The FDA in Canada have approved the first ever genetically modified salmon for sale in supermarkets, according to the Guardian.
It has only been recently approved, and it has been reported that consumers may not know what they are purchasing. It has also been reported that approximately 5 tonnes of the fish has been sold throughout the country since its approval.
The salmon, produced by AquaBounty in the US, is a hybrid of Atlantic Salmon with genes belonging to the Chinook Salmon as well as the ocean pout.
This is the first genetically food, outside of crops, to be approved for sale, and has led to some unrest among the population. The salmon was originally developed in a bid to try and grow stock at a faster rate, which it does in almost a year less. It also means the company have to provide up to 75% less feed than they would with unmodified stocks.
The company says this has led to them decreasing their carbon footprint by up to 25 times. The fish is for sale at $5.30 per pound and demand is said to be increasing. The company has landed themselves in hot water over the salmon, as they did not label the fact it was modified on packets. This has led to campaigns for the mandatory labelling of genetically modified products in future.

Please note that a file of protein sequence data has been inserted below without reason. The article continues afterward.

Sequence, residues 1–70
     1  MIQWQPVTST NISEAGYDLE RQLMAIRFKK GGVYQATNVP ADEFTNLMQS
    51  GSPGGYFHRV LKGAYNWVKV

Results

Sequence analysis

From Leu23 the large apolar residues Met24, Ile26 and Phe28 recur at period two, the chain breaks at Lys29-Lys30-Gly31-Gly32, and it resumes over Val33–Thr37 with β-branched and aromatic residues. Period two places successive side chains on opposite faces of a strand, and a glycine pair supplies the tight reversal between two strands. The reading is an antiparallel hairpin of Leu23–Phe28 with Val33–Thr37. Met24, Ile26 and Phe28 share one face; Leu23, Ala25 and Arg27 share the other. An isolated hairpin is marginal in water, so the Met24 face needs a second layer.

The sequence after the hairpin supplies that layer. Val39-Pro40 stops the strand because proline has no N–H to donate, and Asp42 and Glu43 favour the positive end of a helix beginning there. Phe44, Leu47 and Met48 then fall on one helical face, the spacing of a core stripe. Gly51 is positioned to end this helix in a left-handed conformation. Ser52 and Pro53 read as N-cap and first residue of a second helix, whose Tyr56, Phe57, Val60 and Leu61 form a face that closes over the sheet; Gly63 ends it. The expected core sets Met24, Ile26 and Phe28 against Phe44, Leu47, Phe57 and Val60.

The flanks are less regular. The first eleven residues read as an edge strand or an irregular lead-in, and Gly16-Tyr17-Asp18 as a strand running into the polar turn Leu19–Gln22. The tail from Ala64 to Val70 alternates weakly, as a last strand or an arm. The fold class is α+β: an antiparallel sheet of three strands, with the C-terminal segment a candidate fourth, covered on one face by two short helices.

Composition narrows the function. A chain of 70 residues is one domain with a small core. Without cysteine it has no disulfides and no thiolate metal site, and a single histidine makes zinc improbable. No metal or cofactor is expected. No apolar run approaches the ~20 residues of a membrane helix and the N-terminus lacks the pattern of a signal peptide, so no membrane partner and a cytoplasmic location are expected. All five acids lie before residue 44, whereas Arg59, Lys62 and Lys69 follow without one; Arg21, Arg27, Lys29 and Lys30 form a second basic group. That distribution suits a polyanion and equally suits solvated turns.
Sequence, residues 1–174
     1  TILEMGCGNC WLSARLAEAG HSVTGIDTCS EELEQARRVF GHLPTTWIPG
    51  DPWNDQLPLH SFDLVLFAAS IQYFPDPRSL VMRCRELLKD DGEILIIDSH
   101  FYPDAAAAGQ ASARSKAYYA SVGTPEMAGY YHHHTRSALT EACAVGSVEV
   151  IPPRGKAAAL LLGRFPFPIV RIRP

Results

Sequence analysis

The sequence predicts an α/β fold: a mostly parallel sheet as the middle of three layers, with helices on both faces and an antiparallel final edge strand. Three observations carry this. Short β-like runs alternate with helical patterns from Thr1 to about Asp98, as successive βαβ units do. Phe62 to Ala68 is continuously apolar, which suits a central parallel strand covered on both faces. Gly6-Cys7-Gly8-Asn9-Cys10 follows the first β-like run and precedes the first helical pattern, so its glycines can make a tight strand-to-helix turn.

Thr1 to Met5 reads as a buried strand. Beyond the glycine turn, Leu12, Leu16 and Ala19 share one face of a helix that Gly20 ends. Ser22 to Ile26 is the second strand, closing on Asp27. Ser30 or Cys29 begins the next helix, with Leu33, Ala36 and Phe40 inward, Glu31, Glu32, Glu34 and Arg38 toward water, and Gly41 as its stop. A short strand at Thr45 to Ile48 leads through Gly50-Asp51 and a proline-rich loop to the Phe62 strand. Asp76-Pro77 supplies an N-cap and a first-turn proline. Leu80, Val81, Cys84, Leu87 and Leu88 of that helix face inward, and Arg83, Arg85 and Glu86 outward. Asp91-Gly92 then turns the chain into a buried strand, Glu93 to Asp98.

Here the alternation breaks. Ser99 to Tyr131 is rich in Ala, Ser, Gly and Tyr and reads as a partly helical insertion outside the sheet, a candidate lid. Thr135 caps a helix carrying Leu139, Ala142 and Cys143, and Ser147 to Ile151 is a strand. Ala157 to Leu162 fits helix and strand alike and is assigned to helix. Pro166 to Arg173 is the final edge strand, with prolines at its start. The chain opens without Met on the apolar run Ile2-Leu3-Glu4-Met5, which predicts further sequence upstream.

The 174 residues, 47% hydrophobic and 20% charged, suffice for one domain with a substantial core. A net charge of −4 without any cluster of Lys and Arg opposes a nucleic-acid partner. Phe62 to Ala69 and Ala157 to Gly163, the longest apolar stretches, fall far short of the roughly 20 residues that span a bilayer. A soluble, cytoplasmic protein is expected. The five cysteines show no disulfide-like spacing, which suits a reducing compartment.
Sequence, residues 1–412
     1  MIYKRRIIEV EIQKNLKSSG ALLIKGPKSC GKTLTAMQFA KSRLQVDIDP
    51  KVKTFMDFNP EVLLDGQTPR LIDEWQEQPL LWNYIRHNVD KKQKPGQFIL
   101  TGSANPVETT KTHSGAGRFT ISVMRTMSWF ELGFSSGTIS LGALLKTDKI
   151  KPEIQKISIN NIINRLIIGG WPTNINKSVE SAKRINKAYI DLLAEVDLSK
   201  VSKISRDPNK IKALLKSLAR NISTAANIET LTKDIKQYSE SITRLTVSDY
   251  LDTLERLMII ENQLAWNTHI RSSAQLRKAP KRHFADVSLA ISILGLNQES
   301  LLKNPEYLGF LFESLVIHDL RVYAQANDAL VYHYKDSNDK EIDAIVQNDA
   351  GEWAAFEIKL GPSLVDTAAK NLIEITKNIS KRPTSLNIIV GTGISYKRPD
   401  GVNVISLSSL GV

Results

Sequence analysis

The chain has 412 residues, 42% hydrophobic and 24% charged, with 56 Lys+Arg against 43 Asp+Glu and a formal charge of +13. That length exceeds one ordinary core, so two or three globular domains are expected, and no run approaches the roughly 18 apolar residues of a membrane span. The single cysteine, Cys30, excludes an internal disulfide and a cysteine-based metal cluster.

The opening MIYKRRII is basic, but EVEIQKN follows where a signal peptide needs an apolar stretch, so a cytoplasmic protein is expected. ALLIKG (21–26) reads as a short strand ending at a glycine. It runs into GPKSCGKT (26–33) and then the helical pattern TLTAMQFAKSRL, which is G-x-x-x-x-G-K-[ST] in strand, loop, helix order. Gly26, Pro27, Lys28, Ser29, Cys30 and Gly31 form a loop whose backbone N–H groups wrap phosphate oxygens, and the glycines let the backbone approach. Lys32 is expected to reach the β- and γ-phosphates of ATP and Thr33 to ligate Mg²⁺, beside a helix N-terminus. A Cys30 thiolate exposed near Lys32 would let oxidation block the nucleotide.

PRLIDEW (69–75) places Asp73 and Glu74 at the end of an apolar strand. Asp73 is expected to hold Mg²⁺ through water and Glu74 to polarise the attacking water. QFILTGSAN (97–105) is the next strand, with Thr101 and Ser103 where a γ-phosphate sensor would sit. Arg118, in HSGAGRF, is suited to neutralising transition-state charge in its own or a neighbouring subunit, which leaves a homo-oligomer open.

As a result of the recent controversy two leading Canadian supermarket chains have decided to not stock the product on their shelves. IGA Quebec and CostCo were the two to make the decision. The salmon was tested for four years by Canadian officials, who say it is as safe and holds as much nutritional value as a normal salmon. This, they say, means that there is no need for the salmon to be specially labelled.
Environmentalist have also made calls for the cessation of the selling and producing of these fish, as they feel it could affect wild Atlantic salmon numbers. The company say the modified fish is in fact sterile and being raised in landlocked tanks.